Carole Priven's tattoo is a copy of the one that was forced on her late husband at Auschwitz.
Carole Priven's tattoo is a copy of the one that was forced on her late partner at Auschwitz.

Your tattoo was forced on you at Auschwitz. Mine honors your memory.

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It was a tattoo parlor on Judah Street and 40th Avenue, but it felt like the Sistine Chapel. A long, sad stencil of Mother Mary greeted me as I crossed the threshold. There were angels and praying hands and sad faces of Jesus hanging on the walls. I was the Jew of Judah Street that day, uncomfortable and a little afraid.

Her name was Hannah. She wasn’t Jewish, but she had heard the testimony of Holocaust survivors who came to her school when she was a child. She came in early that day to see me.

Hannah studied a photograph of your number under a studio light. She noted the European “7” and the “9” with the tip of its tail curving inward in a slight oval. The dot between the “B” and the “1” wasn’t quite centered, so she placed it on the stencil a little bit higher than midpoint. No Nazi ever spent so much time preparing to tattoo an inmate. I’m sure your inner arm wasn’t lightly shaved with a razor. You didn’t get disinfectant to prevent infection. You just got punctured with dye and branded like a farm animal. Hannah held my arm like a Torah.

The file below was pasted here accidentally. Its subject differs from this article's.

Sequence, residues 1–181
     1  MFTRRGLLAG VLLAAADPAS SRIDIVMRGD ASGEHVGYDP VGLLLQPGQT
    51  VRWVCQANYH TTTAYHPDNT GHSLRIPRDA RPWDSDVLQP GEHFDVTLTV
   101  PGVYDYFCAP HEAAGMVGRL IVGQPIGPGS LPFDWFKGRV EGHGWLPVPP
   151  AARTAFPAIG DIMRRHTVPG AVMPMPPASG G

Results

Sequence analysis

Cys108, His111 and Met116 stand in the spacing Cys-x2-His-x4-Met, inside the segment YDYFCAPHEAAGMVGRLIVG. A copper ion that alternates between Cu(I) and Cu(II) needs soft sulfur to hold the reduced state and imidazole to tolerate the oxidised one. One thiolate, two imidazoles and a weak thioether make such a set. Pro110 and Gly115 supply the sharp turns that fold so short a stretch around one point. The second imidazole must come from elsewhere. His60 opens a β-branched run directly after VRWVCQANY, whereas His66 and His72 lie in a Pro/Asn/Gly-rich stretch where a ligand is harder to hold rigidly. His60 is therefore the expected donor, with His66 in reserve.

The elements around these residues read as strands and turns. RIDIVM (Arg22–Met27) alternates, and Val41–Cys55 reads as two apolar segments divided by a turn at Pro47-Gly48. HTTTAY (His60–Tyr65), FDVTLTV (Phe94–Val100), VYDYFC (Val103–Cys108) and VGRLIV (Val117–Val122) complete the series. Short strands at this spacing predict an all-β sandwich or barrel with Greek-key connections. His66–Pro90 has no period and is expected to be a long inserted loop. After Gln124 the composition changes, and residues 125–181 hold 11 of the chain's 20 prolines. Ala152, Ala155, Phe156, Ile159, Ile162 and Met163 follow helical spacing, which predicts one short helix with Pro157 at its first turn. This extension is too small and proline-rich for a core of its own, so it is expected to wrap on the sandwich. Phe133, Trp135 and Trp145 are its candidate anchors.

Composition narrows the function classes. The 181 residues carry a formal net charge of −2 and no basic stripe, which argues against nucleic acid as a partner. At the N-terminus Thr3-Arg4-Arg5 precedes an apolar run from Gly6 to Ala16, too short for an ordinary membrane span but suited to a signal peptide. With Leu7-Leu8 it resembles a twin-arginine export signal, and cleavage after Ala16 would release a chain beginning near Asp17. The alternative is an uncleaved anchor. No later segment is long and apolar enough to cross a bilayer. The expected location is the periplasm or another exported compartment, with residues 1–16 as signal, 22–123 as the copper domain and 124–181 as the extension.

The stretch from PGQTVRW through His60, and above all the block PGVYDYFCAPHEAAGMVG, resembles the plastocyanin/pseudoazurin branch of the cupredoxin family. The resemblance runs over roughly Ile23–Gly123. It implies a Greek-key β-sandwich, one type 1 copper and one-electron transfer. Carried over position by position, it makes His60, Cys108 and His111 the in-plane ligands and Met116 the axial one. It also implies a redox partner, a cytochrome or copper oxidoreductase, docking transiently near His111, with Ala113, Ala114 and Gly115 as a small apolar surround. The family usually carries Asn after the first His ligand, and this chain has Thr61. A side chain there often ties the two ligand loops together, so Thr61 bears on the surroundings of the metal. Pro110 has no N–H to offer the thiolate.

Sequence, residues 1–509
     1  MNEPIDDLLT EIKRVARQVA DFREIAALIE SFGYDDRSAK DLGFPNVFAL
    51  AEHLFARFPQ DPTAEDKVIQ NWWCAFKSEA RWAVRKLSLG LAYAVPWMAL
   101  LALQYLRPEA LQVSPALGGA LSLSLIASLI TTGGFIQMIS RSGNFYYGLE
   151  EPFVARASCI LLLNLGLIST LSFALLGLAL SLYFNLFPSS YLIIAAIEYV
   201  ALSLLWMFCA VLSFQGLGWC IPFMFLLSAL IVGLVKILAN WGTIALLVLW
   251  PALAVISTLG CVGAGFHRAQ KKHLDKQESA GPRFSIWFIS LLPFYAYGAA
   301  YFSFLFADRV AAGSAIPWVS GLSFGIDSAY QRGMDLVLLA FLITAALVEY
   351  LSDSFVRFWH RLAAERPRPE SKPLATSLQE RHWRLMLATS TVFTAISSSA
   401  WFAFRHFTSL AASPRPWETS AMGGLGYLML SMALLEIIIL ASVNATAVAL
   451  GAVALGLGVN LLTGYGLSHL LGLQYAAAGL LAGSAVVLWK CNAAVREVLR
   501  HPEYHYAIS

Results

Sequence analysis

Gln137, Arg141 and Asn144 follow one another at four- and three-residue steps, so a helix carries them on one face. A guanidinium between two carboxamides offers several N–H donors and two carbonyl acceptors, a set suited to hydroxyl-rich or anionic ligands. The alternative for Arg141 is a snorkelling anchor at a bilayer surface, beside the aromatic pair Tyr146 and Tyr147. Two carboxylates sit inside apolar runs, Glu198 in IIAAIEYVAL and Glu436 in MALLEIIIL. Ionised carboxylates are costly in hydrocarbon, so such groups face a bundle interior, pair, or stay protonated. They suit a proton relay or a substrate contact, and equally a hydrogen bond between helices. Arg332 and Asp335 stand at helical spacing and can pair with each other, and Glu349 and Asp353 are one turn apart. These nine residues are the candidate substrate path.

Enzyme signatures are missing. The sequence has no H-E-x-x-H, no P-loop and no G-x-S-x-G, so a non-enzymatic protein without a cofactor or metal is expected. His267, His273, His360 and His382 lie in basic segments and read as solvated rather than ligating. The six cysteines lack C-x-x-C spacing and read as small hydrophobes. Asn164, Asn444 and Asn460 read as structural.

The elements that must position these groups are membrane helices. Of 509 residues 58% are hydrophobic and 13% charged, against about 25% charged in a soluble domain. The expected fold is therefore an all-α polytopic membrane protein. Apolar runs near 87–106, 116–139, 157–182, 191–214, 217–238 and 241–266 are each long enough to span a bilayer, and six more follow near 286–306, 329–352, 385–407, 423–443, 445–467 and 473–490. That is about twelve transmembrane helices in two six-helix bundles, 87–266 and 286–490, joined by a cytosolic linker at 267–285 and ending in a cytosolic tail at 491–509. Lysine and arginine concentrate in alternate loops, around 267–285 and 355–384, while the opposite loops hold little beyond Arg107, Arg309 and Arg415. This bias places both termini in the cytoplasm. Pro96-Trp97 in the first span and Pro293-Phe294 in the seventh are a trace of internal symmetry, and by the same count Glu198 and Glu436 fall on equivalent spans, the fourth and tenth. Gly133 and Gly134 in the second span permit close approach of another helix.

I expected pain, but it didn’t hurt at all. I did not look at my arm. Instead, I imagined you in line on the Judenrampe in Auschwitz. Transports arriving, people pushing, guards shouting. I was transported from the quiet tattoo parlor on Judah Street to the frenzy of selection on the platform. I did not watch her work, but I felt her breath on my skin. Hannah and Franta and I joined together, part of each other, time traveling.

You would hate what I did. But people do this all the time in Israel. It is considered a badge of honor to wear the Holocaust tattoo of a loved one.

I want to carry your legacy. To say to people who stare at my arm, “You can ask me anything,” just like you would say. So far, no one has asked me anything. People noticed you. You were regal in the way you moved through the world. No one could ever touch your dignity, not even in the camps. But I am not you. I’ve grown timid and insubstantial since your death. I am easy to miss.

So I find I wear your tattoo mostly for myself. I did not design it to mirror the one you wore. My numbers face inward instead of out. Mine is not as large as the one you got in Auschwitz.

And mine is close to the bend of my elbow, where I can cradle it, like a child.

When I looked at your tattoo, I saw death and hunger and dehumanization. When I look at my tattoo, I see love. I feel you so near me, I can almost touch you. Your number before me like a stem of blue grapes. I wear you on my skin now. And I remember how safe it felt to lie beside you, inside the circle of your arms.

Carole Priven
Carole Priven

Carole Priven is a resident of San Francisco. She is an attorney and gerontologist and volunteers as a traumatic grief and loss counselor.